Before patient samples were tested, the performance of the straight microfluidic chip was assessed using NSCLC cell lines HCC827 (ATCC®CRL2868™) and H460 (ATCC®CRL177™) which were a generous gift from A/Prof Derek Richards (QUT, Brisbane). Cells were cultured under standard conditions in humidified incubators at 37 °C, 5% CO2 in RPMI1640-Glutamax (Life Technologies Inc., Carlsbad, CA, USA) supplemented with 10% fetal bovine serum (FBS) and 1% penicillin/streptomycin. Cells were lifted using TrypLE Express reagent (Thermo Fisher Scientific, Waltham, MA, USA), resuspended in media and gently mixed on a shaker prior to experiments. Cell line authenticity was confirmed by short tandem repeat (STR) profiling with Stem Elite™ ID system (Promega Corp., Madison, WI, USA) according to manufacturer’s instructions. Cell lines were confirmed to be negative for mycoplasma infection by Hoechst staining and PCR. Efficiency tests were conducted by performing dilutions of the cell suspensions in 10× diluted healthy blood. The following clinically relevant cell numbers were used to inform on enrichment efficiencies: 500, 100, 50, and 10 cell spike-in experiments. The cells were collected and stained for pan-cytokeratin, CD45, and DAPI. The percentage recovery was calculated as the number of cancer cells captured through the CTC outlet of the chip over the total number of cancer cells spiked into the sample.

Patient recruitment

This study was conducted at the Princess Alexandra Hospital in Brisbane, Queensland, Australia. Ethics approval was obtained from the Metro South Health District Human Research Ethics Committee in accordance with the National Health and Medical Research Councils guidelines: Approval number HREC/11/QPAH/331. This study also has institutional approval from the Queensland University of Technology Human Ethics Committee: Approval number 1100000420. Following written informed consent, 8 mL of blood was collected in K2E EDTA vacutainers from a total of 13 participants (n = 8 NSCLC patients and n = 5 healthy volunteers). All NSCLC patients were treatment-naive at the time of blood collection.

Enrichment and phenotyping of CTCs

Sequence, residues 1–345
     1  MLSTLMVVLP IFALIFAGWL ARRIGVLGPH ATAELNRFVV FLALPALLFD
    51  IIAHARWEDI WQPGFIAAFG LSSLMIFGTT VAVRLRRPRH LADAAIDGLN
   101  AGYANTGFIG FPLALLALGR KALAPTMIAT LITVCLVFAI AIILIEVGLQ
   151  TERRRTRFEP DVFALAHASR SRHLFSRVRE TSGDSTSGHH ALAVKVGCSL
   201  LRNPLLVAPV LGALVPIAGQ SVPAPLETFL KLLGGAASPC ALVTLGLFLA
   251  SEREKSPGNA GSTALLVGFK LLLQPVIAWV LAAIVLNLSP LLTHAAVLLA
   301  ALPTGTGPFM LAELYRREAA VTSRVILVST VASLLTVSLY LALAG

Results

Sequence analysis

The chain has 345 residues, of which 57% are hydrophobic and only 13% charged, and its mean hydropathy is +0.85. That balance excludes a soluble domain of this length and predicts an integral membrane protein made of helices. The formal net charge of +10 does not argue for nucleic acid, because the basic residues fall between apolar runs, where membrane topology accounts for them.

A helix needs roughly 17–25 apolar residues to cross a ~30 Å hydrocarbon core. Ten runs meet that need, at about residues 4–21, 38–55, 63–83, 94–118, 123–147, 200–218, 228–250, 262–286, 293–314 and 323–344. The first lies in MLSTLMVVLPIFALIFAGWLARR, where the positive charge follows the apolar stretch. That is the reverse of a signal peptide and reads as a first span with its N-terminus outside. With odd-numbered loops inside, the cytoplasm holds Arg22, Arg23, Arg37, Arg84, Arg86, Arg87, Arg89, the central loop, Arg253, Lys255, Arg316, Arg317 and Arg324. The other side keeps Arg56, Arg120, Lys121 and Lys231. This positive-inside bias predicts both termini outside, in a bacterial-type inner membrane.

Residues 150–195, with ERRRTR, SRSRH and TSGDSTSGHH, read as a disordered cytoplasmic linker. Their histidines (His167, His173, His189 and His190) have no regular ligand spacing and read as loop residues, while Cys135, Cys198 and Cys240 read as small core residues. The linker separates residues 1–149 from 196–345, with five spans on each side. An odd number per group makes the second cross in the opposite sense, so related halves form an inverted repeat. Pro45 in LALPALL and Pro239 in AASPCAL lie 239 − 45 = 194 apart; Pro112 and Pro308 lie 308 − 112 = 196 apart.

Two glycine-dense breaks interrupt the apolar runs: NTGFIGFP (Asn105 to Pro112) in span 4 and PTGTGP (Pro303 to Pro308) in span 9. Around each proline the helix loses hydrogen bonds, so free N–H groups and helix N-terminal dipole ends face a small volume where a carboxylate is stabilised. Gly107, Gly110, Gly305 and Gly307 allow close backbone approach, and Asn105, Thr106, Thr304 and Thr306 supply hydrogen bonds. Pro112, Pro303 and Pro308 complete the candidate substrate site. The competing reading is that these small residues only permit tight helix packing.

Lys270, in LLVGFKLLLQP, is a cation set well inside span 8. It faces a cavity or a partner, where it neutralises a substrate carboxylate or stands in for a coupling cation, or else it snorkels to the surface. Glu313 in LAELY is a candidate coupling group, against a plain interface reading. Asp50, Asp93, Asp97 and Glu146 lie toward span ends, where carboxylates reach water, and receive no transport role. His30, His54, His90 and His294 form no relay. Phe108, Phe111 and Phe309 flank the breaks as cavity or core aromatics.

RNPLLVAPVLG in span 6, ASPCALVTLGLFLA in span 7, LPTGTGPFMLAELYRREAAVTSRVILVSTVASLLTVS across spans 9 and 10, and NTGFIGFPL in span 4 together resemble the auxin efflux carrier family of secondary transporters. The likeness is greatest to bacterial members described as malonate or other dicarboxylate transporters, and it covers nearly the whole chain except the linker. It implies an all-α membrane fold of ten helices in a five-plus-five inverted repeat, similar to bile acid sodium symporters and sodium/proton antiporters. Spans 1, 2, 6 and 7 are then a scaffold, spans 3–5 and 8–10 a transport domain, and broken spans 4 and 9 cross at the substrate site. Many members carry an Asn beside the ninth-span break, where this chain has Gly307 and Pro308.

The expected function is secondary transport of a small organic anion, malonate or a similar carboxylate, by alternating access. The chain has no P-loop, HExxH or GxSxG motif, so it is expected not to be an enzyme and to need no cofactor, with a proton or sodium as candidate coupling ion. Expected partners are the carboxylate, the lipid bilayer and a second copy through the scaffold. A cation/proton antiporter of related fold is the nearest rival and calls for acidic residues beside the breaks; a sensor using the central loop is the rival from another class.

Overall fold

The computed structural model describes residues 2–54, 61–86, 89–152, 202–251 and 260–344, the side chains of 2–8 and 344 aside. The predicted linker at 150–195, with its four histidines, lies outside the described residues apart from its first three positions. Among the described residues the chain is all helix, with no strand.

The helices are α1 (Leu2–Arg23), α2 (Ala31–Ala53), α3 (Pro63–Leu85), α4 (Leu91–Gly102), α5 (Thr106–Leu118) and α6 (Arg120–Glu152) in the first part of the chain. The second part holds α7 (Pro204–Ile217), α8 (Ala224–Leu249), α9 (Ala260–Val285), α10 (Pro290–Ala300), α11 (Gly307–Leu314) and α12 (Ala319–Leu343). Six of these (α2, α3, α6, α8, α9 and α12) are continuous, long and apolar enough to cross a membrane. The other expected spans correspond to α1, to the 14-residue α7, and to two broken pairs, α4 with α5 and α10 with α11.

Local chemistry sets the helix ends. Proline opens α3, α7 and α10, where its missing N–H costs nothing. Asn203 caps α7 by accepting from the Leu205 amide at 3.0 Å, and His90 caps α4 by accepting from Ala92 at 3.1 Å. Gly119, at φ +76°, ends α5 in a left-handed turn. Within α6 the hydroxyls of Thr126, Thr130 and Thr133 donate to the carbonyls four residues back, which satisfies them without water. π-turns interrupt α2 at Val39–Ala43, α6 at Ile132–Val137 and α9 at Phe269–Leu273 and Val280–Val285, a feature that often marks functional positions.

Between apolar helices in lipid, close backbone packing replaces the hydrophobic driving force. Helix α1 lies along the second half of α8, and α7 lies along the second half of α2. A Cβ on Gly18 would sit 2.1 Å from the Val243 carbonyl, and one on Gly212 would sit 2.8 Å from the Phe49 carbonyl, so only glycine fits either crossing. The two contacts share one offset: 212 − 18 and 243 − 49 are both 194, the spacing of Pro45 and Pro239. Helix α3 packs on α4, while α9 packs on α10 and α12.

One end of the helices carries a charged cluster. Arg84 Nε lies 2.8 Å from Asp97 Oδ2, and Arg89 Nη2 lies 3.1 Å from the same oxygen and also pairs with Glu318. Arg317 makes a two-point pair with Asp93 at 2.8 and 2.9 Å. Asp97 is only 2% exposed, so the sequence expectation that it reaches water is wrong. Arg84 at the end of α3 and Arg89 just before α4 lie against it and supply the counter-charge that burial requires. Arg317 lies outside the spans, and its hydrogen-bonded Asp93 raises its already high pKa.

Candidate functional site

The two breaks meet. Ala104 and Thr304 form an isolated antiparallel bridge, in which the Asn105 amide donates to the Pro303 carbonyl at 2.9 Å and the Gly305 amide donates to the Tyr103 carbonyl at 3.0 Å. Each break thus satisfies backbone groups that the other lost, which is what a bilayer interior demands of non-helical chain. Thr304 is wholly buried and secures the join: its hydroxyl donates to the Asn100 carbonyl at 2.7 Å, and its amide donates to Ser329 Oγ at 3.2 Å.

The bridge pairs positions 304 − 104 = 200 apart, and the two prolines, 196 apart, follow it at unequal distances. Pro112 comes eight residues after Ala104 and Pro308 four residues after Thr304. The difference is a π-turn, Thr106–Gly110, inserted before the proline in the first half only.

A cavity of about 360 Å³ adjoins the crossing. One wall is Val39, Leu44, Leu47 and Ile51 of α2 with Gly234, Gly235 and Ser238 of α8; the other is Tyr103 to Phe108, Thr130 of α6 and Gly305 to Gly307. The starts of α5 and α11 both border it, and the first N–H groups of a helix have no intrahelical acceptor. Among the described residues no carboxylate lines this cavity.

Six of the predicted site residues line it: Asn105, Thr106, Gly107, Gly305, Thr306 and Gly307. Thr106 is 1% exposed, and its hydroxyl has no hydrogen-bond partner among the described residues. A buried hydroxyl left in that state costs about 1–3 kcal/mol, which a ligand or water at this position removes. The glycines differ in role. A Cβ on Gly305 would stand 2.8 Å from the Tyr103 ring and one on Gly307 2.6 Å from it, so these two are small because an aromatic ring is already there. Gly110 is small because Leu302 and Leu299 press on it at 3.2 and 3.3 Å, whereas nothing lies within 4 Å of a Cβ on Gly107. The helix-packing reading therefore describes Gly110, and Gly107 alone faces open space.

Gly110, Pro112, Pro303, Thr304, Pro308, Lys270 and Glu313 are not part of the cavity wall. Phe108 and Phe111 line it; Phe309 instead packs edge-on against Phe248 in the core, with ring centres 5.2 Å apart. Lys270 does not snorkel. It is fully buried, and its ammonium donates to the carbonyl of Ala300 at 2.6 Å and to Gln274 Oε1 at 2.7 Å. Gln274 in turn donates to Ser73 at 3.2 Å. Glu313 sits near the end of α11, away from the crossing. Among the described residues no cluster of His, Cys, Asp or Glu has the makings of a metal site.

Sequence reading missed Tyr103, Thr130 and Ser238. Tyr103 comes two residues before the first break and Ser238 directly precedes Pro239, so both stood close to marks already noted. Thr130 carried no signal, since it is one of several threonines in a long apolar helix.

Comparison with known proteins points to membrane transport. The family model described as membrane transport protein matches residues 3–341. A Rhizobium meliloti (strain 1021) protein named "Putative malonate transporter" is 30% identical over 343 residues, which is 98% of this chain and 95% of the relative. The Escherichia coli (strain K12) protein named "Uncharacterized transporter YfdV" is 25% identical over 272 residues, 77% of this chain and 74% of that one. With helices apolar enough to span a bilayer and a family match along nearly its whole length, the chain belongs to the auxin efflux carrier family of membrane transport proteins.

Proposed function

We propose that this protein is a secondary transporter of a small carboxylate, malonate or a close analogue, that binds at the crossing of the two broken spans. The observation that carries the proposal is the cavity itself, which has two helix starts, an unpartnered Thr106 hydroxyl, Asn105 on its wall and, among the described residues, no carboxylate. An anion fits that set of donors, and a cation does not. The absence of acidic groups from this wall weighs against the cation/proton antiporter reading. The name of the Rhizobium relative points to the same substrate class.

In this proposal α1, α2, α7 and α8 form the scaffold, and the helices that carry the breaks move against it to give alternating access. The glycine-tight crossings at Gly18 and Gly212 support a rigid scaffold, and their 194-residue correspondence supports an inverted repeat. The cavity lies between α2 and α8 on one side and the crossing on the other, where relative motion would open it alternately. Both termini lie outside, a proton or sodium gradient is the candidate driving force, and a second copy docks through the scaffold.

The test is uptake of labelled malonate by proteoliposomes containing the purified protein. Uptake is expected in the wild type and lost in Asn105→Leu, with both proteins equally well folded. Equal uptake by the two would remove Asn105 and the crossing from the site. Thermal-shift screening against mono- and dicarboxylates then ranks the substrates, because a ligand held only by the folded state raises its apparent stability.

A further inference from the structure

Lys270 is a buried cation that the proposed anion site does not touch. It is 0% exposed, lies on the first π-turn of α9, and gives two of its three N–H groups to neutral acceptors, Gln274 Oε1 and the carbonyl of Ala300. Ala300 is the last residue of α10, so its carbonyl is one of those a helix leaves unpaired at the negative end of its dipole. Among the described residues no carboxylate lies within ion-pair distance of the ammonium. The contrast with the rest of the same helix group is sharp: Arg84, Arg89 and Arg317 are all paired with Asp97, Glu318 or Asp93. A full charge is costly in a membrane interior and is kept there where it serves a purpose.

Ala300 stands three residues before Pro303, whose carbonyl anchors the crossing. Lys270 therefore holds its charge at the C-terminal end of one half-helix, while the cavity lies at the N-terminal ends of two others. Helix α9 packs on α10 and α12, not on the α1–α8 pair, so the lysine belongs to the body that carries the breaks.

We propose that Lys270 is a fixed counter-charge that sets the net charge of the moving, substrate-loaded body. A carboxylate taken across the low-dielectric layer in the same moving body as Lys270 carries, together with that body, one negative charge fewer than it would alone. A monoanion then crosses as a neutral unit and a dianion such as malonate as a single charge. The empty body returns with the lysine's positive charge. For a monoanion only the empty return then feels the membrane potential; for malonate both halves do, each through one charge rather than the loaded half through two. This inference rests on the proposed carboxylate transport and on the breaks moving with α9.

Blood samples collected from the participants were lysed using RBC lysis buffer (Astral Scientific, Australia) and centrifuged at 500×g for 15 min. The cell pellet was resuspended in 10 mL of 1× PBS solution. The pre-diluted sample was loaded onto a 10 mL Terumo syringe and passed through the inlet of the chip at 0.1 mL/min whilst the sheath buffer (1× PBS, 2 mM EDTA and 0.5% BSA) was pumped through at 0.2 mL/min. The CTC sample outlet was collected in a sterile 15 mL falcon tubes (Corning Inc., Corning, NY, USA) and centrifuged at 300×g for 5 min to obtain a pellet. The cell pellet was resuspended in 4% paraformaldehyde and cytocentrifuged (Cytospin™ 4, Thermo Fisher Scientific, Waltham, MA, USA) at 800 rpm for 5 min onto glass slides for phenotyping. Cells were permeabilized in 0.2% (v/v) Triton X-100 for 10 min at room temperature, followed by blocking with 10% FBS (Invitrogen) for 1 h at room temperature. Slides were incubated with the CellSearch antibody cocktail including DAPI (Menarini Silicon Biosystems, Italy) overnight at 4 °C. Slides were washed 3 times in PBS, allowed to air dry, and mounted with antifade prolong gold (Thermo Fisher Scientific, Waltham, MA, USA). The cytospots were coverslipped and imaged on the Zeis Axio Imager 2 (Oberkochen, Germany). CTCs were visually inspected and classified as CTCs after meeting the following criteria: (1) cytokeratin-8, 18, 19 positive (2) CD45 negative (3) high nucleus to cytoplasmic ratio (4) morphologically larger than background leukocytes (5) intact nuclei. CTC clusters were reported as CTCs in close proximity and CTM when CTC clusters included leukocytes (CD45 positive cells). The results were reported as the number of CTCs per 2 mL whole blood.